from his appointed place of work without permission or sufficient cause"
[(2005) 5 SCC 337] this Court, inter alia, observed as follows:
What fell for consideration before the Industrial Tribunal was the
interpretation and/or applicability of the said settlement. The Industrial
Tribunal committed an error of record insofar as it proceeded on the basis that
the said settlement had not been proved. The settlement being an admitted
document should have been considered in its proper perspective by the
Industrial Tribunal. Clause (2) of the said settlement is a complete code by
itself. It lays down a complete machinery as to how and in what manner the
employer can arrive at a satisfaction that the workman has no intention to join
his duties. A bare perusal of the said settlement clearly shows that it is for
the employee concerned to submit a proper application for leave. It is not in
dispute that after the period of leave came to an end in June 1983, the workman
did not report back for duties. He also did not submit any application for
grant of further leave on medical ground or otherwise. It is in that situation
the memorandum dated 2.11.1983 was issued and he was asked to join his duties.
It is furthermore not in dispute that despite receipt of the said memorandum,
the workman did not join duties pursuant whereto he was served with a notice to
show cause dated 31.12.1982. He was required to resume his duties by 15.1.1984.
The Bank received a telegram on 17.1.1984 and only about a month thereafter he
filed an application for grant of leave on medical ground. It is not the case
of the workman that any leave on medical ground or otherwise was due to him.
Opportunities after opportunities indisputably had been granted to the workman
to explain his position but he chose not to do so except filing applications for
grant of medical leave and that too without annexing proper medical
Mere sending of an application for grant of leave much after the period of
leave was over as also the date of resuming duties cannot be said to be a bona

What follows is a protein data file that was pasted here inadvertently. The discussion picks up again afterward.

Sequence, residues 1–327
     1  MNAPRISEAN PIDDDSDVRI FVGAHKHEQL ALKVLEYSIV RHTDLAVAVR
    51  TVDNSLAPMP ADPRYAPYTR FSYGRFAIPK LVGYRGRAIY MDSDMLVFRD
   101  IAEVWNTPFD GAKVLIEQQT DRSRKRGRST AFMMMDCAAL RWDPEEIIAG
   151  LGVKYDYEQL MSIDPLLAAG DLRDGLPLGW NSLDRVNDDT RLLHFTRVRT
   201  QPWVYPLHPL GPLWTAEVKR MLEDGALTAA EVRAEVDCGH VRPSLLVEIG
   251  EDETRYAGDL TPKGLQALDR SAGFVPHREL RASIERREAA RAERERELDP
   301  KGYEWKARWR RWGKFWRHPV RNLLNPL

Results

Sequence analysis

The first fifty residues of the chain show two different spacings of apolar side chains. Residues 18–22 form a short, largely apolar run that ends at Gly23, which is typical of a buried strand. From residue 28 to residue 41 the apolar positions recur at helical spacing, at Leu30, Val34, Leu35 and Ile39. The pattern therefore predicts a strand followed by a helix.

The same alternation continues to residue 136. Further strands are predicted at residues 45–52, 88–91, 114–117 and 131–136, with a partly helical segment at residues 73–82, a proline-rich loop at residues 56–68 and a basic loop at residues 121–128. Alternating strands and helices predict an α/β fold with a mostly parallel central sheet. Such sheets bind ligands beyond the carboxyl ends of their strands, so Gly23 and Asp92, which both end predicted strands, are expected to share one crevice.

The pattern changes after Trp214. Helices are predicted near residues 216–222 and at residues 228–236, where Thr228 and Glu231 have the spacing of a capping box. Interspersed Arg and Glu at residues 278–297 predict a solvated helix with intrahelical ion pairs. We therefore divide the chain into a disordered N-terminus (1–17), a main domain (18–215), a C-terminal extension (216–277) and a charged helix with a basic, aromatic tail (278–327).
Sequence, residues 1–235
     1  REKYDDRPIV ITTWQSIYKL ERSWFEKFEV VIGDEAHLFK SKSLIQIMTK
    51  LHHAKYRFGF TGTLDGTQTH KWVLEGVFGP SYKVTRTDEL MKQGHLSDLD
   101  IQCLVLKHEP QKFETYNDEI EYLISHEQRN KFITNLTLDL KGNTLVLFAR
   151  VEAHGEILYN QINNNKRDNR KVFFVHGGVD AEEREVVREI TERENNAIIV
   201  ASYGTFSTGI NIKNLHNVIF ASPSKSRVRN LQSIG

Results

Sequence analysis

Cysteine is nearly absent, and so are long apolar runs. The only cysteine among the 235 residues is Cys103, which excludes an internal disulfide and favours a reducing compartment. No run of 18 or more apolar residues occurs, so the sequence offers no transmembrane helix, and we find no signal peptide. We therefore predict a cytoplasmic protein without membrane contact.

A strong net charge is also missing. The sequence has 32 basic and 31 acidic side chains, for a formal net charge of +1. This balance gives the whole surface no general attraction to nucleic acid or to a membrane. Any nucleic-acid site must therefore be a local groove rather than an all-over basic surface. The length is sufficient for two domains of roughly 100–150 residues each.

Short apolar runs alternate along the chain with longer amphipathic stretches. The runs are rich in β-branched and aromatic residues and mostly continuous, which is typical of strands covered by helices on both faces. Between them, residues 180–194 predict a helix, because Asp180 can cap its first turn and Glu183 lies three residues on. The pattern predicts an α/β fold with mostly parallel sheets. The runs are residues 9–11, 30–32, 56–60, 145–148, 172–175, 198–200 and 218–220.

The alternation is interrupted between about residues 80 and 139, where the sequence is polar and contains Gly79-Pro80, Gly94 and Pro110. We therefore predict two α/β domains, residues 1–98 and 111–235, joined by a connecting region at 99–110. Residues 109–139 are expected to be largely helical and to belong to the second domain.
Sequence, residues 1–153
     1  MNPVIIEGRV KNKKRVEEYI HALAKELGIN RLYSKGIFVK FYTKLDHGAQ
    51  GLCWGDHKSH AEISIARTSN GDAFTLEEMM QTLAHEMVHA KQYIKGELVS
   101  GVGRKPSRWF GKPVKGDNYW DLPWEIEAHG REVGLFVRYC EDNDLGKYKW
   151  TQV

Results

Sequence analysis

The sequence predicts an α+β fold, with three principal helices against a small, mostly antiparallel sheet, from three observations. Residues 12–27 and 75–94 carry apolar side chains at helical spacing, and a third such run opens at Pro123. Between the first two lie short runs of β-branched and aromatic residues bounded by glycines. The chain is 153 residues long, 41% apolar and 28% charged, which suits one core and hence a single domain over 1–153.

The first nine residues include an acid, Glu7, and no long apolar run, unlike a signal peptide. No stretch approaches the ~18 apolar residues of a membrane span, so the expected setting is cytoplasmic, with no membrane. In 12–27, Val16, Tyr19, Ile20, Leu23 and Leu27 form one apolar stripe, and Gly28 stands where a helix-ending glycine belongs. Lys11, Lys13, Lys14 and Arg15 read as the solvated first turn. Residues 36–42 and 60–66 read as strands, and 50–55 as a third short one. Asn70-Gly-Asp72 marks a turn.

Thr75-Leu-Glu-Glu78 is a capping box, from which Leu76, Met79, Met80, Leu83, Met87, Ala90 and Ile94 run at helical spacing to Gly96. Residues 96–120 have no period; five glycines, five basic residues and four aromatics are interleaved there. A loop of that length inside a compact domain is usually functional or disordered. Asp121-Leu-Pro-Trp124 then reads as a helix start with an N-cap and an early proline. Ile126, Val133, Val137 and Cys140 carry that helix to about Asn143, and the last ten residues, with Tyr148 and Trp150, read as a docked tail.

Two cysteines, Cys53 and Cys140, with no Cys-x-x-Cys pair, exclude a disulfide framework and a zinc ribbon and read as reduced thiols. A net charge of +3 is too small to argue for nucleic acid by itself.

fide act on the part of the workman. The Bank, as noticed hereinbefore, in
response to the lawyer's notice categorically stated that the workman had been
carrying on some business elsewhere.
cannot accept the submission of Mr. Mathur that only because on a later date an
application for grant of medical leave was filed, the same ipso facto would put
an embargo on the exercise of the jurisdiction of the Bank from invoking clause
2 of the bipartite settlement.
may be true that in a case of this nature, the principles of natural justice
were required to be complied with the same would not mean that a full-fledged
departmental proceeding was required to be initiated. A limited enquiry as to
whether the employee concerned had sufficient explanation for not reporting to
duties after the period of leave had expired or failure on his part on being
asked so to do, in our considered view, amounts to sufficient compliance of the
requirements of the principles of natural justice."
view of the factual position, when tested on the touchstone of the principles
of law and governing rules, the inevitable conclusion is that the impugned
order of the High Court passed by the learned Single Judge dismissing the writ
petition, i.e. C.W.P. No. 1720/1998, by order dated 20.1.2006 cannot be
sustained and is set aside. The order passed by the departmental authorities
directing removal of the respondent from service is maintained.
The Appeal is allowed without any order as to costs.